Source: Huitt, W. (1996). Measurement and evaluation: Criterion- versus norm-referenced testing. Educational Psychology Interactive. Valdosta, GA: Valdosta State University. Retrieved [date], from 

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Many educators and members of the public fail to grasp the distinctions between criterion-referenced and norm-referenced testing. It is common to hear the two types of testing referred to as if they serve the same purposes, or shared the same characteristics. Much confusion can be eliminated if the basic differences are understood.

The following is adapted from: Popham, J. W. (1975). Educational evaluation. Englewood Cliffs, New Jersey: Prentice-Hall, Inc.

Dimension Criterion-Referenced
Purpose To determine whether each student has achieved specific skills or concepts.

To find out how much students know before instruction begins and after it has finished.

To rank each student with respect to the
achievement of others in broad areas of knowledge.

To discriminate between high and low achievers.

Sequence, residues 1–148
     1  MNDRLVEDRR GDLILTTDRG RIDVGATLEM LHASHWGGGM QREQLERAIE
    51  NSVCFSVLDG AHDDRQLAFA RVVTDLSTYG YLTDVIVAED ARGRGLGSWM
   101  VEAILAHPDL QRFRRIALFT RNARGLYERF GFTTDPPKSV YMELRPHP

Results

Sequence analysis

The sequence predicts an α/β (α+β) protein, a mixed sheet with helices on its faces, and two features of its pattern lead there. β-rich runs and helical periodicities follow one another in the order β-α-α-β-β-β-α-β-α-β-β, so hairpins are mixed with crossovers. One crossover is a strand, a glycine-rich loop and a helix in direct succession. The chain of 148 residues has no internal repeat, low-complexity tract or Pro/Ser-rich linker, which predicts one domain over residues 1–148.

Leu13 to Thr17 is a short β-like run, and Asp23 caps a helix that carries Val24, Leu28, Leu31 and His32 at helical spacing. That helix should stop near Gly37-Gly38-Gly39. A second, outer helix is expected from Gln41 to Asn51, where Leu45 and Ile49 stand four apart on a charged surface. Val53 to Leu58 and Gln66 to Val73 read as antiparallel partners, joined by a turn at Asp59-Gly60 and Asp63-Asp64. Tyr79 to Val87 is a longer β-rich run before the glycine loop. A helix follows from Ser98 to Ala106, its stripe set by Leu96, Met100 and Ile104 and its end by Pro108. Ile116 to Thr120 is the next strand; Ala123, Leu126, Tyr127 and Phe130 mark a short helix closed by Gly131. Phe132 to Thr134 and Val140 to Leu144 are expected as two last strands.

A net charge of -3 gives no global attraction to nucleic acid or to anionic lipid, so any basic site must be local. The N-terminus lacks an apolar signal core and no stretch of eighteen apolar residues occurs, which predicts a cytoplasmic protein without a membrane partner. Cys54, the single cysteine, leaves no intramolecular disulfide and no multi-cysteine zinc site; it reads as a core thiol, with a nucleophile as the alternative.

Content Measures specific skills which make up a designated curriculum. These skills are identified by teachers and curriculum experts.

Each skill is expressed as an instructional objective.

Measures broad skill areas sampled from a variety of textbooks, syllabi, and the judgments of curriculum experts.
Each skill is tested by at least four items in order to obtain an adequate sample of student
performance and to minimize the effect of guessing.

The items which test any given skill are parallel in difficulty.

Each skill is usually tested by less than four items.

Items vary in difficulty.

Items are selected that discriminate between high
and low achievers.

Each individual is compared with a preset standard for acceptable achievement. The performance of other examinees is irrelevant.

A student's score is usually expressed as a percentage.

Student achievement is reported for individual skills.

Each individual is compared with other examinees and assigned a score--usually expressed as a percentile, a grade equivalent
score, or a stanine.

Student achievement is reported  for broad skill areas, although some norm-referenced tests do report student achievement for individual skills.

The differences outlined are discussed in many texts on testing. The teacher or administrator who wishes to acquire a more technical knowledge of criterion-referenced test or its norm-referenced counterpart, may find the text from which this material was adapted particularly helpful.

Additional resources:

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